Benefits of Supplementing With Creatine


Creatine monohydrate helps build lean muscle mass. This is especially important for those who have experienced muscle atrophy because of various diseases or through lack of exercise.

Muscle atrophy is serious and can result in a reduced lifestyle. Eventually walking and balancing can be adversely affected. Falls and other injuries can compound the negative effects of muscle atrophy. This is why reversing muscle atrophy, building lean muscle mass, is so important.

Exercise, especially resistance exercise, along with creatine supplementation can help reverse muscle atrophy.

Dos and Don’ts of Muscle Recovery

In today’s video, I want to talk to you about the dos and the don’ts of muscle recovery.

1. Don’t over train (take off 1-2 days a week)
2. Don’t consume a lot of sugar or fast food
3. Don’t do a lot of isolated movements

1. You do want to eat an anti-inflammatory diet
2. Get plenty of protein and amino acids
3. You want to do compounding movements
4. Eat more fruits and vegetables

Following these dos and don’ts, you will see improvements in your muscle recovery.

For more info:

What Exactly is Creatine?

Creatine is an amino acid (amino acids are the building blocks of protein). Creatine is made in the body by the liver and kidneys. It is derived from a diet containing meat and animal products. Creatine (creatine monohydrate) is a without color, crystalline substance used in muscle tissue for production of phosphocreatine, an important factor in the formation of adenosine triphosphate (ATP), the source of energy for muscle contractions and many other functions in the body.

What Does Creatine Supplementation Normally Do in the Body?

In the body, creatine is changed into a molecule known as “phosphocreatine” which serves as a storage space reservoir for quick energy. Phosphocreatine is especially important in tissues like the voluntary muscles and the nervous system which periodically require large amounts of energy.

Why do Athletes Take Creatine Monohydrate?

Studies have shown that creatine monohydrate may increase performance of athletes during activities that require quick bursts of energy, such as sprinting or weight lifting, and can help sportsmen recover faster after exercise. Creatine is great for the professional bodybuilder and those doing resistance training. It helps increase muscle mass, instead of muscle endurance, so it’s not suitable for athletes participating in endurance activities.

Why Have I Been Hearing So Much About Creatine in Neuromuscular Disorders?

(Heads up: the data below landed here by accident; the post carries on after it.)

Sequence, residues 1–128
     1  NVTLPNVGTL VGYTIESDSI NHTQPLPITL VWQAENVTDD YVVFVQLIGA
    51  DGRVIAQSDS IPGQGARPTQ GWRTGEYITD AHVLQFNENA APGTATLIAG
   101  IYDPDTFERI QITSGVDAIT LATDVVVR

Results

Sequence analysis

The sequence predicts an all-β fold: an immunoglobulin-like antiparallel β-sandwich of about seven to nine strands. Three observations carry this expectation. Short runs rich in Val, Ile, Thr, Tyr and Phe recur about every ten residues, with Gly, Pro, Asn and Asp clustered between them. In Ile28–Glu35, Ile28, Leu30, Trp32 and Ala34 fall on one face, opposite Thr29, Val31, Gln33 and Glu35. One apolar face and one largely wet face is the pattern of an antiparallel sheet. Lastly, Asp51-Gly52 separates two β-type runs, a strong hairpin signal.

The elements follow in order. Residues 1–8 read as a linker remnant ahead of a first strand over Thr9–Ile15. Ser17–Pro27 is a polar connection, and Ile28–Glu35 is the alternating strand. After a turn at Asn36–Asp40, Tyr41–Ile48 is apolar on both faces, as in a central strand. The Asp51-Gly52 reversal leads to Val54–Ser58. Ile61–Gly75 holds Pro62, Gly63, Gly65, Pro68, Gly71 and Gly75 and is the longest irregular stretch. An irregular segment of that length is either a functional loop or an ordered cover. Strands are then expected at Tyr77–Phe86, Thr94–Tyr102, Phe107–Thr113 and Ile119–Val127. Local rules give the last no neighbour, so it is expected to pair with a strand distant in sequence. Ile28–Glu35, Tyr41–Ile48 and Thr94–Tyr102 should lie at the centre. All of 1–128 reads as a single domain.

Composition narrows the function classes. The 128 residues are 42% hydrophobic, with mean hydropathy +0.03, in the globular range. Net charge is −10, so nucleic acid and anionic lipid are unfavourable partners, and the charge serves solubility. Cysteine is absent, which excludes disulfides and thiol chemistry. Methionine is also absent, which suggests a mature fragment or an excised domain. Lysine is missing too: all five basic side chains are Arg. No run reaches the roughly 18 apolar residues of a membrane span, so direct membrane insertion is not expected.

Two scientific studies have indicated that creatine may be beneficial for neuromuscular disorders. First, a study simply by MDA-funded researcher M. Flint Beal of the Cornell University Medical Center showed that creatine was twice as effective as the prescription drug riluzole in extending the lives of rodents with the degenerative neural disease amyotrophic lateral sclerosis (ALS, or Lou Gehrig’s disease). Second, a study by Canadian researchers Mark Tarnopolsky and Joan Martin of McMaster University Medical Center in Ontario, found that creatine can cause modest increases of strength in people with a variety of neuromuscular disorders. Beal’s work was released in the March 1999 issue of Nature Neuroscience and a second document was published in the March 99 issue of Neurology.

I Want to Begin Taking Creatine — Is it Safe?

For the most part, athletes haven’t experienced adverse side-effects while taking creatine, although recently there were a few reports of kidney damage linked to creatine usage. No consistent toxicity has been reported in research of creatine supplementation. Dehydration is reported to be a problem while using creatine.

Athletes generally take a “loading dose” of 20 grams of creatine a day for five or even six days, then continue using a “maintenance dose” of 2 to 5 grams of creatine per day thereafter.

What Are the Side Effects?

Little is well known about long-term side effects of creatine, but no consistent toxicity has been reported in studies of creatine supplementation. In a study of unwanted effects of creatine, diarrhea was the most often reported adverse effect of creatine supplements, followed by muscle cramping. Several reports showed that kidney, liver organ, and blood functions were not impacted by short-term higher amounts or long lasting lower amounts of creatine supplementation in healthy young adults. In a small study of individuals taking 5-30 grams per day, no change in kidney function was noticed even after up to five years of supplements. Muscle cramping after creatine supplements has been anecdotally reported in some research.

Benefits of Taking Creatine

• increases athletic efficiency
• increases muscle mass
• good for muscular disorders

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